David Scott, a 1994 graduate of Abilene Christian University, lives in Carthage, Mo., with his wife, Whitney, and their two children. David and Whitney own Whitney Scott Photography, a boutique studio with a number of clients who were affected by the May 22 tornado in nearby Joplin that killed 151 people and injured more than 900.
With her permission, we present the fourth of a series of five posts this week, shared through Whitney’s photography and words about a few of their friends and the, well, the amazing grace by which they were spared further harm.
The destruction is so endless. The lens of a camera cannot capture it. The experience of this place is surreal. No words are adequate.
You may have already read the incredibly powerful words from the letter to Joplin, written by B.J. Hollars, a preacher from Tuscaloosa, Ala., but this is a quote I wanted to share:
“One month from today, you will not be healed, but healing. The scrap will be piled like bunkers alongside the roads, and eventually, even the choir of sirens will dissipate. One day soon, cars will once again outnumber ambulances, and in a few weeks time, you’ll see a child throw a Frisbee and for a moment, forget that anything more treacherous ever collected in the wind.”
While the grief in our community is palpable, the outpouring of love has been overwhelming. We are part of a church that has always been focused on mission efforts. I can’t begin to express then, how it feels when the mission field comes to you. I can’t begin to share the depth of gratitude we all feel for the many individuals and groups who have poured into this place – their trucks and school buses and vans filled to overflowing with bottled water, diapers, tarps and towels. And beyond the physical things they’ve given with their hands, is the support they’ve given with their prayers … the love they’ve shared when they’ve spent days sorting clothing, sifting through rubble and handing out sack lunches to workers in the heat.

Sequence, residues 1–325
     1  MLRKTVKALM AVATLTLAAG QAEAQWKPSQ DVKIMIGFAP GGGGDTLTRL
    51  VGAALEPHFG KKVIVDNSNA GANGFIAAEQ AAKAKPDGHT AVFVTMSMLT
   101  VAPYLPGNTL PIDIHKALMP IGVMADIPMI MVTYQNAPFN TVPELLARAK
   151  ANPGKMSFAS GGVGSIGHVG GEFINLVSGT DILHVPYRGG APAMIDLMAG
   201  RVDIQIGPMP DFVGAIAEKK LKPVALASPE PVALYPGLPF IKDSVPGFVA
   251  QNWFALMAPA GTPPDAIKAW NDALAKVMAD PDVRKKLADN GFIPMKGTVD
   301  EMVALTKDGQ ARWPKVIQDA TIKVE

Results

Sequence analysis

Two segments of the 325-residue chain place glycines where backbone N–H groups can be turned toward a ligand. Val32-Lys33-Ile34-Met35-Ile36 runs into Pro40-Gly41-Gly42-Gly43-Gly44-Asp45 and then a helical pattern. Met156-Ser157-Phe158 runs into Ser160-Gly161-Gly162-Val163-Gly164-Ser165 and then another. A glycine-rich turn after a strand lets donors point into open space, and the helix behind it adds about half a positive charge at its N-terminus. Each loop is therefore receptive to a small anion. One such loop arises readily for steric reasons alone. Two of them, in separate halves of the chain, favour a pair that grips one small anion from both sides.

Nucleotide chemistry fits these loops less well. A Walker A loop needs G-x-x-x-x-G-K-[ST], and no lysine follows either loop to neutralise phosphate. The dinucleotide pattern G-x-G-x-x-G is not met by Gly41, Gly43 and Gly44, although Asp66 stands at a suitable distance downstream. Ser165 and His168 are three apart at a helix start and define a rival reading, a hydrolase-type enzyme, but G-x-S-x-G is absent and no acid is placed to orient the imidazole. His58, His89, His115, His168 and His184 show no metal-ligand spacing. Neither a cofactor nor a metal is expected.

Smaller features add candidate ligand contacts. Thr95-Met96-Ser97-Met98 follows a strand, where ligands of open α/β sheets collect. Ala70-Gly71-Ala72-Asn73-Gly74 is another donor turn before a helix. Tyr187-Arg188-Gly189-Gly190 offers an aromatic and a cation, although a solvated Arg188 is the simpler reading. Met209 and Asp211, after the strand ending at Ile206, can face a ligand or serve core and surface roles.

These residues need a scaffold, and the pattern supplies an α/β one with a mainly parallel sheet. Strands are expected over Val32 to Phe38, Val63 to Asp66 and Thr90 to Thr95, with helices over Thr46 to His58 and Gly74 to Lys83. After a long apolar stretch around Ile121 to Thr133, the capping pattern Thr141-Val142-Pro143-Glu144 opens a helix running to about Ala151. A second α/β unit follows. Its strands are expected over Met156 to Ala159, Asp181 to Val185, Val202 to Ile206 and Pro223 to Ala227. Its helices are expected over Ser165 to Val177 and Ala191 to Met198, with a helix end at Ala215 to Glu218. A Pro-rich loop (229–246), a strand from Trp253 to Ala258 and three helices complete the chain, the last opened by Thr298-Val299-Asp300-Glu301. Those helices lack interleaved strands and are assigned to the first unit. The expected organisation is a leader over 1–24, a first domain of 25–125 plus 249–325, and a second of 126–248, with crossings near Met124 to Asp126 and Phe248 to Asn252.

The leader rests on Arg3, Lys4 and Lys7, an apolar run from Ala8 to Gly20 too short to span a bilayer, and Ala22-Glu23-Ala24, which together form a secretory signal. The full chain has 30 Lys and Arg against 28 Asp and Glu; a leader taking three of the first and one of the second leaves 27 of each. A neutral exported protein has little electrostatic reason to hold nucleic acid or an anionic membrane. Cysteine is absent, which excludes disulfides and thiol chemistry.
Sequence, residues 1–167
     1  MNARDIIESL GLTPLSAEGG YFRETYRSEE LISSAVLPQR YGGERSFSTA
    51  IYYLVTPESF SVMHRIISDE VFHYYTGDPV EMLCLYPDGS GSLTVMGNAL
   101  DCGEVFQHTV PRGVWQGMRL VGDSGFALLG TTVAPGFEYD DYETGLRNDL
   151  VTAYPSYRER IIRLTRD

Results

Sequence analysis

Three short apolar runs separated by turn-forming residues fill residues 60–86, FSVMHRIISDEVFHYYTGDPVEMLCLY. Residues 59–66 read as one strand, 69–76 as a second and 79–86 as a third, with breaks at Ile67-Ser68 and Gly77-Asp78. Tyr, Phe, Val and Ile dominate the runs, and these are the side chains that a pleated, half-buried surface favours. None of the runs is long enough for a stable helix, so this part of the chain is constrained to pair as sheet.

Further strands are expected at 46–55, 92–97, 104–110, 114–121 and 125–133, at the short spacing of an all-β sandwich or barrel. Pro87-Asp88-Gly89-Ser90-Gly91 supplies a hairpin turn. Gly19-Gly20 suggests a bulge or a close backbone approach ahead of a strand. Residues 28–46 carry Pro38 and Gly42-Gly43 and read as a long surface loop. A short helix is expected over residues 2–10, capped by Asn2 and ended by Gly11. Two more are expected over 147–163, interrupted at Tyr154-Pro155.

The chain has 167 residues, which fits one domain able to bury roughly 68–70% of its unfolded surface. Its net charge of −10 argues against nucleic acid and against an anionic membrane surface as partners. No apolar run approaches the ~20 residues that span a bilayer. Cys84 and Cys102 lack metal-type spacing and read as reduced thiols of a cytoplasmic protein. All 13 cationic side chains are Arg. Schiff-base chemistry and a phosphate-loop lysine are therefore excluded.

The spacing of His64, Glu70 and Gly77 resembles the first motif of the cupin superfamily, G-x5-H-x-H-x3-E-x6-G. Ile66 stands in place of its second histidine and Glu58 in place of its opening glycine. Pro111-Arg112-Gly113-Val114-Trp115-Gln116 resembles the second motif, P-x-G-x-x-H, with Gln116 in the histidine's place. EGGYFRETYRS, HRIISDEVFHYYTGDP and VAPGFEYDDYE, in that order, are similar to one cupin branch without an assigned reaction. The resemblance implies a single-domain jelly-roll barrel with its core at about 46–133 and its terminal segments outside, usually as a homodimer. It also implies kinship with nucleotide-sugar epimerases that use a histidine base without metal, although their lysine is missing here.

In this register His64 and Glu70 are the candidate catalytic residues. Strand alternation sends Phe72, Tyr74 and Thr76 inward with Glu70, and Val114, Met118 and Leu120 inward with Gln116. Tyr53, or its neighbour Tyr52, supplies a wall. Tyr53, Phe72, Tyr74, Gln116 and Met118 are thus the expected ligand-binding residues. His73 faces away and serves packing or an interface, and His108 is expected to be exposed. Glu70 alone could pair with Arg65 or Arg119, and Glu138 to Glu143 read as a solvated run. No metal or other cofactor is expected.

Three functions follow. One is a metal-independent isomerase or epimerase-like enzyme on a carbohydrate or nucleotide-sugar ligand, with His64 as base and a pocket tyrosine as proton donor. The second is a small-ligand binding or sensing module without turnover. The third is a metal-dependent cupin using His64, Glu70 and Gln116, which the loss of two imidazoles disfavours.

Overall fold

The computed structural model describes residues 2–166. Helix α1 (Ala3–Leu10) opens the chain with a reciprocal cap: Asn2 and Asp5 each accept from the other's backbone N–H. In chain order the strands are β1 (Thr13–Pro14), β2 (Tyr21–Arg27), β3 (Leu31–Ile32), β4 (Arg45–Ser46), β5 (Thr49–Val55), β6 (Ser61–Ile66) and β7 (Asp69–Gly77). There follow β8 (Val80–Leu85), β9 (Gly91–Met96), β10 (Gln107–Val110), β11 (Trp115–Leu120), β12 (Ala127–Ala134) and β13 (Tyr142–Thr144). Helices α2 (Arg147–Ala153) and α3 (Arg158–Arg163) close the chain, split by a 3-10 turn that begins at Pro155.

It is humbling to experience this. It is unbelievably uplifting. I will never again underestimate the power of mission efforts to do great spiritual works in an incredibly simple way. These past weeks have shown me Jesus everywhere. Absolutely everywhere.
Thank you for the prayers you have said for our community. Thank you for the donations you’ve made or are considering making today. We will be needing both … for quite some time.
The Mount Hope Church of Christ in Webb City, Mo., is serving as a distribution center for those affected by the tornado and is accepting cash donations here.
According to our records, 27 ACU alumni live in or near Joplin: Crista Austin, Kenneth Boles, Francisco Bonilla (Webb City, Mo.), Treavis Broaddus (Webb City, Mo.), Denny Brummett (Sarcoxie, Mo.), Gerald Chrisman (Carthage, Mo.), Maureen Dunaway (Carthage, Mo.), Dr. Carolyn Hale (Saginaw, Mo.), Mike Kelly, Dr. Tom Lawson (Webb City, Mo.), Ralph and Sheri Madill (Carthage, Mo.), Nick Meyer (Carl Junction, Mo.), Jim and Donna Murray (Diamond, Mo.), Paula Roberts, Mark Smith (Carthage, Mo.), and Julie Williams (Webb City, Mo.). We’d like to know they are well, so if you have news from them, please share it here or by emailing email@example.com.
Through reader response to this series, we have heard that Dr. Gary Zustiak (Joplin), Valenda Moore (Carthage, Mo.), Jeanie Cline (Carthage, Mo.) and Paul Cline (Carthage, Mo.), and Jay Young (Webb City, Mo.) are safe.
Safe, too, are Josh (’06 M.A.C.M.) and Anna (Radomsky) Edwards of Joplin, but they lost their house and belongings to the tornado. The couple was vacationing in Florida on May 22, only to learn of the damage in their neighborhood through media accounts and reports from friends. Anna has started a blog, Tornado Blessings, you should read. Josh’s blog can be read here.